“Porchetta is a thing of complete joy. You can cook this as the epic centrepiece of a big feast with all the trimmings, or serve it up on a board with a carving knife at a party with buns, condiments, salad and gravy for dunking. Just wow. ”
Get your meat out of the fridge and up to room temperature before you cook it.
For the stuffing, peel and finely chop the onions, finely slice the pancetta, then place in a large frying pan on a medium-high heat with 6 tablespoons of oil, the butter and fennel seeds. Cook for 5 minutes, stirring regularly, while you finely chop the chicken livers and herb leaves.
Stir the livers into the pan, followed by the herbs and 50ml of wine. Roughly chop and add the dried fruit, along with the pine nuts. Cook and stir for 5 minutes, then remove from the heat and leave to cool.
Finely grate over the Parmesan. Toast the breadcrumbs and use your hands to mix them into the cool stuffing.
Place the pork loin on a board, skin side down, open it out and push it down flat. Season generously with sea salt and black pepper, then pour over and massage in half the Vin Santo.
Scatter over the stuffing, pour over the remaining Vin Santo, then roll up the pork, patting on and compacting the stuffing as you go.
Sit it with the seam underneath and tie with butcher’s string to secure it, then score the skin and into the fat with your knife. Season generously and rub all over with oil.
When you’re ready to cook, preheat the oven to full whack (240ºC/475ºF/gas 9).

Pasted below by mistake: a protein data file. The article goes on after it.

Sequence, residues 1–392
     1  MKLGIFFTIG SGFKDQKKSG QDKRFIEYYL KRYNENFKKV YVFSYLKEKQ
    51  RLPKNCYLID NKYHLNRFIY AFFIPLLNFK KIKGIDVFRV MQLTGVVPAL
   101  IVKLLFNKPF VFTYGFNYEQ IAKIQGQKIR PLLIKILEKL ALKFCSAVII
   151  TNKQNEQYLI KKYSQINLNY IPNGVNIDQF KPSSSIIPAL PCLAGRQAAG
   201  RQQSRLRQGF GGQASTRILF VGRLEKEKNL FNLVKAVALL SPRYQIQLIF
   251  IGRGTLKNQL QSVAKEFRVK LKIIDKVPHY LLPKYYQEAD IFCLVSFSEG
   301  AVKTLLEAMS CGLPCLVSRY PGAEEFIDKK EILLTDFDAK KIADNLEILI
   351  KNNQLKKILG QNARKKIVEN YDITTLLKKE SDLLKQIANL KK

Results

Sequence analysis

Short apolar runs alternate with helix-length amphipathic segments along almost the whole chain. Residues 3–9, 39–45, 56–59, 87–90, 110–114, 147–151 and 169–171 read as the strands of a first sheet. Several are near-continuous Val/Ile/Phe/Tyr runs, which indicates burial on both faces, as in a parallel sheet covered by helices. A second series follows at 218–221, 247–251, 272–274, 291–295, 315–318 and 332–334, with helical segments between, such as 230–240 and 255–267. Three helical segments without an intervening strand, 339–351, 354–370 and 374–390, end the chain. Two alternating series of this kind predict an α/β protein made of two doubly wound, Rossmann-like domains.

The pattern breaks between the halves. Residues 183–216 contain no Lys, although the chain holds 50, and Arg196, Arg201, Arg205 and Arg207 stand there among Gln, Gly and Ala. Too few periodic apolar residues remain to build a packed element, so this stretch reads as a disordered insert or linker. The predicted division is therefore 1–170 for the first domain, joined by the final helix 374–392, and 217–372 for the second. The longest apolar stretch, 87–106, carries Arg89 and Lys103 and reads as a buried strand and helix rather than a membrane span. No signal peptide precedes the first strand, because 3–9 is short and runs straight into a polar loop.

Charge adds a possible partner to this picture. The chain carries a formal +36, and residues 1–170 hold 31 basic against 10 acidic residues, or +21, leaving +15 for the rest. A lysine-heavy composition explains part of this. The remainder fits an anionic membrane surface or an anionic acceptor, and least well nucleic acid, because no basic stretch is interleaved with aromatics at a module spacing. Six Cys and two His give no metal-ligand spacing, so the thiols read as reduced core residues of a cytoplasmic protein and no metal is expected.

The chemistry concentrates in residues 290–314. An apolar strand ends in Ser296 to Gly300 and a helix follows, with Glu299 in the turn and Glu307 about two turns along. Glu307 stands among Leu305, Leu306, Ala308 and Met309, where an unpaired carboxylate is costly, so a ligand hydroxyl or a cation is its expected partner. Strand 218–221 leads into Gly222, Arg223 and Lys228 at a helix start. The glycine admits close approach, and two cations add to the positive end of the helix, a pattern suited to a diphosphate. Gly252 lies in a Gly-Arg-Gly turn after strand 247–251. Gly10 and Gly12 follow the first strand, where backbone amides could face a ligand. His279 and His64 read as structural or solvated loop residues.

Wash the carrots and place in a large roasting tray. Sit the porchetta on top, then pour in 500ml of water and the remaining 325ml of wine.
Place in the hot oven for 30 minutes, then reduce the temperature to 180ºC/350ºF/gas 4 and leave to cook for 4 to 5 hours, or until the meat is really tender, basting now and again.
Remove the porchetta to a board to rest for at least 30 minutes. Meanwhile, place the roasting tray over a medium heat on the hob.
Skim away most of the fat from the surface into a jar, cool, and place in the fridge for tasty cooking another day. Stir the flour into the tray, mashing the carrots and scraping up all those gnarly bits from the base.
Pour in the stock, and simmer until the gravy is the consistency of your liking, stirring occasionally.
Strain the gravy through a coarse sieve, pushing all the goodness through with the back of a spoon, then season to perfection.
Carve up the beautiful porchetta, and serve it as you wish.
I sometimes like to add a spoonful of blackcurrant jam to the gravy to take it to the next level – delicious!